Tyler Rabin’s tweet really stuck with me this past school year and inspired me to create a system where students can access everything they need on one page. I designed digital textbooks to increase accessibility to learning.
What is a Digital Textbook?
A digital textbook is an easy way to organize learning. The textbooks I make are hosted in Google Slides. I use one slide per week and add pre-recorded lessons, assignments, resources, and videos in the form of pictures and hyperlinks for easy access. I link in assignments from my learning management system to prevent the 100-click-situations that sometimes accompany learning in 2021. Finally, I embed my virtual textbook directly into my learning management system; I use canvas, but any will work.
Who? Me? Write A Digital Textbook?
You are absolutely capable as an educator of creating a digital textbook. If you’ve been teaching much at all, you probably already have the raw material- it’s just a matter of organization. Think of it as a digital lesson planner with hyperlinks. Take the resources that you already have within Google Drive or other digital file systems and reorganize them in a more aesthetically pleasing and easy-to-access arrangement for both students and yourself. BOOM! You have a digital textbook.
Some folks get caught up on the pre-recorded lessons, and truly that is not as intimidating as we all think it is. There are free or affordable tools that make recording very simple, such a screencastify, WeVideo, Loom, and I’m sure there’s even more. All we need to do is get over our insecurities, push the button, and start recording. Embedding prerecorded lessons into the digital textbook is easy or than ever. This allows the students always to have access to the learning, and the time spent with students can be focused on bridging the learning gap and building meaningful relationships – which is the whole reason we teach.
Why do this? I’m teaching in person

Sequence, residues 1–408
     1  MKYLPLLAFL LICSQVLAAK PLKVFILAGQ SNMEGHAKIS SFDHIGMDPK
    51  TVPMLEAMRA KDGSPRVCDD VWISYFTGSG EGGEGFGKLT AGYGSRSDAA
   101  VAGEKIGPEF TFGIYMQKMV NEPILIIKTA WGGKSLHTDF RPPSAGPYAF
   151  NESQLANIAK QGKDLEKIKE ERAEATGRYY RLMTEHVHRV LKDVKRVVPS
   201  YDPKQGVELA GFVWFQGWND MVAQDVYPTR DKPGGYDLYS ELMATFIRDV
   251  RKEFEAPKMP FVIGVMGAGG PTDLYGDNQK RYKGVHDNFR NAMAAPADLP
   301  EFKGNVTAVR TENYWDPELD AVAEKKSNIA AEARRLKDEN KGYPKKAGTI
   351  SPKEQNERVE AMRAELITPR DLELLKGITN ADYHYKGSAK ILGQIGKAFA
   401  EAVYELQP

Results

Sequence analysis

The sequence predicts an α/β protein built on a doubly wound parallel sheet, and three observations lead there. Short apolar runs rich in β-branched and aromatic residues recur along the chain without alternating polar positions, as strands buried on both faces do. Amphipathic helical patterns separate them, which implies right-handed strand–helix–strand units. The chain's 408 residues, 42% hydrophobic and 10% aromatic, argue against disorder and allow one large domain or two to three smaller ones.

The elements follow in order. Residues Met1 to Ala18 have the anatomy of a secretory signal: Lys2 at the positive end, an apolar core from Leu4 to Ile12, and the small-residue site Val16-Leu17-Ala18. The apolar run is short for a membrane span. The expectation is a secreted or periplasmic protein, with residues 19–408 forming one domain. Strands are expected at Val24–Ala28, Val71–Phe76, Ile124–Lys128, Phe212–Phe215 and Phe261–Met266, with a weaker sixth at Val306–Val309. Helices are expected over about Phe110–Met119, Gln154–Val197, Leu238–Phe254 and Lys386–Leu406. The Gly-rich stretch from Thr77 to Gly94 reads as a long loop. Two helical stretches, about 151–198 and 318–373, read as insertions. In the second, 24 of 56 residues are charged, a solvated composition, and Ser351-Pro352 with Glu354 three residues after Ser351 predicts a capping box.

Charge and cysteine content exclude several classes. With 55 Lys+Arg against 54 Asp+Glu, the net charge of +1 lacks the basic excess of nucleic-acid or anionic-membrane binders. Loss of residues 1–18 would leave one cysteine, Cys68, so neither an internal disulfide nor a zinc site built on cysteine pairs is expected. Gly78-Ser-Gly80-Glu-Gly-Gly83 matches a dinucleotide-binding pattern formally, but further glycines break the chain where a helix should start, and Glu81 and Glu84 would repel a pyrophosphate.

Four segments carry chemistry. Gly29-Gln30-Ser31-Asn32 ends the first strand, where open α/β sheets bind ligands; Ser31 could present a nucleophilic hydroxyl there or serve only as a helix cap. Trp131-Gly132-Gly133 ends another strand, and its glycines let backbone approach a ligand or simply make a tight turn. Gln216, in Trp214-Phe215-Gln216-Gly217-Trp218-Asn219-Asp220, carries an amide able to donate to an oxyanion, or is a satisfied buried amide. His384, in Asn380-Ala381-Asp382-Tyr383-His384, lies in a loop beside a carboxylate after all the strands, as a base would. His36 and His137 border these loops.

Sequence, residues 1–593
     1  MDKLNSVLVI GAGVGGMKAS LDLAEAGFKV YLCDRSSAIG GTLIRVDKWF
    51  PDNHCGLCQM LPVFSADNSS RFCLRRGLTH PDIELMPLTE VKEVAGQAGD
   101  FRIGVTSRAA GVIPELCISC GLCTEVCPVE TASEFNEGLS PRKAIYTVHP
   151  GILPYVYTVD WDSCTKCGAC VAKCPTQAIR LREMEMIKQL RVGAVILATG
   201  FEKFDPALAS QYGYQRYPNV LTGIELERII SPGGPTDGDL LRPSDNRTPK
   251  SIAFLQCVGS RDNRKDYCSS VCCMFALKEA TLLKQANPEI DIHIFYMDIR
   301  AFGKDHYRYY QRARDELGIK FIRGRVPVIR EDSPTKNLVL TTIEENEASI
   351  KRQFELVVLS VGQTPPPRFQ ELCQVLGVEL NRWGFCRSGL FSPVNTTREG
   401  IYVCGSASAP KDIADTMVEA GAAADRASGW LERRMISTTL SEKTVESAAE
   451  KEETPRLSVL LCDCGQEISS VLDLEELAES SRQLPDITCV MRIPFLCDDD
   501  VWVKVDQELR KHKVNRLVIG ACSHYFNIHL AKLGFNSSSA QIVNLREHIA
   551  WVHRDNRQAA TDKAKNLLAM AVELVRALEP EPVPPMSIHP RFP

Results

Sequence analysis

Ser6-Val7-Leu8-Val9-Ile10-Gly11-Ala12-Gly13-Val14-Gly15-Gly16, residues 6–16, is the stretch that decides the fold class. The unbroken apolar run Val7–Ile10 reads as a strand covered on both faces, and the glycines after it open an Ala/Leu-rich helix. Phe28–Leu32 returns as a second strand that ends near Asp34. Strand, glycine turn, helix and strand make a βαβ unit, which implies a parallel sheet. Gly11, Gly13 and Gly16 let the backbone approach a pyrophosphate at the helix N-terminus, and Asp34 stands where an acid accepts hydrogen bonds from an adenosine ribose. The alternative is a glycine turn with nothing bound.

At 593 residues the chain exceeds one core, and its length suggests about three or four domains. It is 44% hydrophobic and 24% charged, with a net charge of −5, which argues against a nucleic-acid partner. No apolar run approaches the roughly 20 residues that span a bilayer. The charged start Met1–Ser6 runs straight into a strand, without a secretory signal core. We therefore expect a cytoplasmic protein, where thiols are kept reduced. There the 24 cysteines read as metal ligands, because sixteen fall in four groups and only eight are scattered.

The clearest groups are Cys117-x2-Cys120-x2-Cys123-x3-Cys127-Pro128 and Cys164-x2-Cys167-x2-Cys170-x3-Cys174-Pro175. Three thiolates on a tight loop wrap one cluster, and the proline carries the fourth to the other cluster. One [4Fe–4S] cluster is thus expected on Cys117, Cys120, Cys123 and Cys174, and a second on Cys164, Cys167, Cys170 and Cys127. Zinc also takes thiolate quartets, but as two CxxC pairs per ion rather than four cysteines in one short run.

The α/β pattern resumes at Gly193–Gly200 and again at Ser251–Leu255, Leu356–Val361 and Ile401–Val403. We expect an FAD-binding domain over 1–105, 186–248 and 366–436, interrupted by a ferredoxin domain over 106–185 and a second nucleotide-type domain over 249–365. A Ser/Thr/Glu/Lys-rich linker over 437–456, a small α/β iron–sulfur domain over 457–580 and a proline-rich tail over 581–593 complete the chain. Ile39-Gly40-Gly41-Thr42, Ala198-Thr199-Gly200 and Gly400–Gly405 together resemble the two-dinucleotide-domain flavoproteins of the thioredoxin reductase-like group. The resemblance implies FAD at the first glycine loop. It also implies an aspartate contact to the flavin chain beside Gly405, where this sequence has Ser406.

2020 taught me students might lose access to the physical classroom, but they should never lose access to learning. Even before the pandemic, I have always had students who may not attend the class for one reason or another physically. It can be anything from a health crisis to transportation issues. There are many reasons why a student might not be in a place mentally or physically where they can learn during our allotted class time. I still want those students to learn, and this ensures that they can.
I’m also a huge advocate for flipping classrooms. I am fortunate that I started to do this before the pandemic because it made everything easier for my students (and myself). When we pre-record, our lessons students have access to the learning and can work at a better pace for them. I can then spend class time teaching and small-group to clarify or guiding their learning through enrichment activities that are fun and engaging.
Where can I use this? Will it work with any LMS?
It does not matter what learning management system your school uses – you can add your digital
textbook anywhere. My school uses canvas, not Google classroom, but it will work on both platforms. The textbook itself is just a Google Slide presentation with a bunch of hyperlinks to look like a textbook. There is a way to publish this to the web and embedded in your learning management system. When students pull up my module in canvas, they see my digital textbook without also needing the google slide.
When Would I Have the Time?
Creating digital textbooks is time-consuming at first, but it ended up creating more time for me. On average, it takes me about 30 minutes per week per class to set everything up right and create virtual instruction videos. Of course, it took me longer at first, but I tend just to make these during my prep.
How Does it Work?
You can be as creative as you would like and there’s not a right or wrong way to make YOUR digital textbooks. Here’s a video to get started. Feel free to reach out with any questions